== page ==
Donations of real property which
would involve an engineering specialist.
Alimony, if it appears there is a
property settlement involving business property (i.e.,
accounts receivable, inventory).
Training Returns—Selected returns
meeting training criteria will be identified during each
classification detail, unless advised by the area that no
training will be conducted.
Tax Examiner Correspondence Examinations:
A return may be selected for correspondence examination if
all the questioned items are susceptible to direct
verification from records that could be easily submitted by
mail, and there are clear indications from review of the tax
return that the taxpayer can effectively communicate in
writing with the Service. Returns which do not meet this
test generally should not be examined by correspondence even
if the taxpayer is located in a remote area.
You should not exclude substantial
items from the checksheet to convert what might be an
interview examination to a correspondence examination.
Under centralized classification,
returns selected with these criteria should be
designated for the correspondence unit in the service
Some examples of issues which can be
verified by correspondence are: Simple itemized
deductions (exclusive of office-in-the-home, and
education expense); Filing Status; IRMF/IRP for Wages,
Interest, or Dividends; Payments to an IRA/Keough
Plan; Interest penalty on early withdrawal of savings;
Child care credit; Credit for the elderly; Earned
income credit; Residential energy credit; and Self
Single issues should generally not
be examined, as experience has shown that such
examinations frequently result in insignificant or no
tax change when other questionable items are not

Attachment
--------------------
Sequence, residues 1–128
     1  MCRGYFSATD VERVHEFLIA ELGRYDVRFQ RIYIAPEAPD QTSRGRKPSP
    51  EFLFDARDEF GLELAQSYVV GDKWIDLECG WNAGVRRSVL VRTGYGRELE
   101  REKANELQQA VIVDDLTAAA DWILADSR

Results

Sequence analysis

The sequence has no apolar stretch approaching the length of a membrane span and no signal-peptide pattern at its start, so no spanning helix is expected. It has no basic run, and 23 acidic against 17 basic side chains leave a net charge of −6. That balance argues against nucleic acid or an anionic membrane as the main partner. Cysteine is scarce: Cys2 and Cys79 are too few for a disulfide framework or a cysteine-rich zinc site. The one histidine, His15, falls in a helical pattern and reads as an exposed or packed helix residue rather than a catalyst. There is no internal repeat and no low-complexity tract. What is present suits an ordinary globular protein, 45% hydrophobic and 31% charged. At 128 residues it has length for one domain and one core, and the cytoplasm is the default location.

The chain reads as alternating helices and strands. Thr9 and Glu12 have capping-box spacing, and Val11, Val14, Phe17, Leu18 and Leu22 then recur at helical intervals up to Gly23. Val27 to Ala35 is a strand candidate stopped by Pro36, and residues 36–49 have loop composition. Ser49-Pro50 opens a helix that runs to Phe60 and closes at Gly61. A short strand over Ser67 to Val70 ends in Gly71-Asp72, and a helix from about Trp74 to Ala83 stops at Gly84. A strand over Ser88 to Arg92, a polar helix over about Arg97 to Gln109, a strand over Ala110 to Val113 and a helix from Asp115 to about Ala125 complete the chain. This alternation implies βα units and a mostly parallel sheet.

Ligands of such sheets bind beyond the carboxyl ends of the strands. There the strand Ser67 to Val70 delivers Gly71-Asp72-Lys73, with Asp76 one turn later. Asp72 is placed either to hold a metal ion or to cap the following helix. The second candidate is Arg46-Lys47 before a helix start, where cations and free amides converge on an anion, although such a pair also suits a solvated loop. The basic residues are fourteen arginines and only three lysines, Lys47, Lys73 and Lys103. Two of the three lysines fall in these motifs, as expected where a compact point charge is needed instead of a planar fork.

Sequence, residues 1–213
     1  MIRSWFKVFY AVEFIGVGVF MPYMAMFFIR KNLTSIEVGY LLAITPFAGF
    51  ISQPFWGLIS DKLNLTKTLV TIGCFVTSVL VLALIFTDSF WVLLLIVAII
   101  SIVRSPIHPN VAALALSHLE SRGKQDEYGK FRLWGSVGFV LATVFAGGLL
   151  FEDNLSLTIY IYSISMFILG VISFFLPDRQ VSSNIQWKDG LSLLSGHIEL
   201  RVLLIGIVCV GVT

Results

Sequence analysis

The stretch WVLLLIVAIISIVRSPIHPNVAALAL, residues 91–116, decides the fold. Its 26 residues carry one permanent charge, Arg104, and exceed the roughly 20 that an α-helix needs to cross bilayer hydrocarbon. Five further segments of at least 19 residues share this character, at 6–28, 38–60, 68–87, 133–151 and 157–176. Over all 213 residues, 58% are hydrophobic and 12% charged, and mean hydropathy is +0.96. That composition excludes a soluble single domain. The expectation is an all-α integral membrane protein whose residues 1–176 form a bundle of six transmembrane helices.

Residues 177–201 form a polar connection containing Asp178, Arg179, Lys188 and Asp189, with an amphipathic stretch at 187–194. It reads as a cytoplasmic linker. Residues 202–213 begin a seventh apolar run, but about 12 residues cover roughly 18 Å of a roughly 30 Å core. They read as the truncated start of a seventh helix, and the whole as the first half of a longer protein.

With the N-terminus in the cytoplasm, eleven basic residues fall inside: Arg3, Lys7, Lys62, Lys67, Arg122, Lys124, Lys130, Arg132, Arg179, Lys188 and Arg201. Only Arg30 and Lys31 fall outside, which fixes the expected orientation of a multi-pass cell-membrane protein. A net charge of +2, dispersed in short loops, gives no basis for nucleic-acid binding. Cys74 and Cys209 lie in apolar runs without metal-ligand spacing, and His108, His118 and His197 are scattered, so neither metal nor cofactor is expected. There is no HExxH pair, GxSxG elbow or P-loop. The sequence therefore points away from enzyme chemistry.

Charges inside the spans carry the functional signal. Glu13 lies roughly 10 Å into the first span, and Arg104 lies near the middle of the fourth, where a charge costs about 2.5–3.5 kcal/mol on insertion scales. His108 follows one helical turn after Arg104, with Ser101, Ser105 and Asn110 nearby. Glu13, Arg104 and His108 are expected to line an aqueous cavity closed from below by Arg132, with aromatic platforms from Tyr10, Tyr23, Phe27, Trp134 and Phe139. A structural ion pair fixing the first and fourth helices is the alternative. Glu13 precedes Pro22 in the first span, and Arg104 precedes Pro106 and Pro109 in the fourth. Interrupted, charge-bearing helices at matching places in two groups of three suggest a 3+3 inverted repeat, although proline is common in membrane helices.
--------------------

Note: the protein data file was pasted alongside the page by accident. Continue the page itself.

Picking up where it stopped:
present on the return.
HARA returns from examination
classes 530 and 532 may be selected for correspondence
technique if they have only correspondence issues.
Delinquent returns secured by the
Collection Function which appear to have income
omitted from Forms 1099, W–2, etc., should be
referred to Examination for screening. Returns
selected with no issues other than the omitted income
should be examined by area tax examiners, if
available; otherwise, they should be forwarded to the
Correspondence Examination unit at service centers.
Correspondence examinations may
include an inspection of a subsequent year return. If
the classifier determines that inspection of the
subsequent year return is warranted, consideration
should be given to use of RTVUE or MACS prints.
Tax Auditor Interview Examinations:
Individual returns identified for office interview
examinations should contain issues which lend themselves to
an analytical approach and require individual judgment in
addition to direct verification of records.
A classification checksheet will be
attached to each return identified for an office
Regardless of the issue, the return
will be identified for office interview method if, in
the judgment of the classifier, an office interview is
needed to ensure the taxpayer’s rights under the
Certain types of issues lend
themselves to interview examination. Examples:
Dependency exemptions; income from tips, pensions,
annuities, rents, fellowships, scholarships,
royalties, and income not subject to withholding;
deductions for business related expenses; deductions
for bad debts; determinations of basis of property;
deductions for education expenses; capital gain versus
ordinary income determinations; complex miscellaneous
itemized deductions such as casualty and theft, losses
where determinations of fair market value are
required; and deductions for employees business
expenses such as travel and entertainment.
Certain other factors indicate an
interview is necessary. For example, if the
taxpayer’s occupation is of the type that requires
only a limited formal education, or the appearance of
the return (writing, grammar, neatness, etc.)
indicates the taxpayer may not be able to effectively
communicate by letter, a face to face interview should
If the taxpayer’s income is low in
relation to financial responsibilities as suggested
from a review of the return (number of dependents,
interest expense, etc.), a face to face interview is
If the classifier determines that
the issues on the return require inspection or
examination of employment tax returns, the
classification checksheet should be noted to ensure
the initial contact letter includes a request that the
taxpayer bring in copies of employment tax returns.
This applies to examination classes 531 to 534 with a
Schedule C or F only. Examination classes 535 to 539
automatically generate the request for employment tax
information (if CF&S appointment letters are
Business returns may be identified
for office interviews.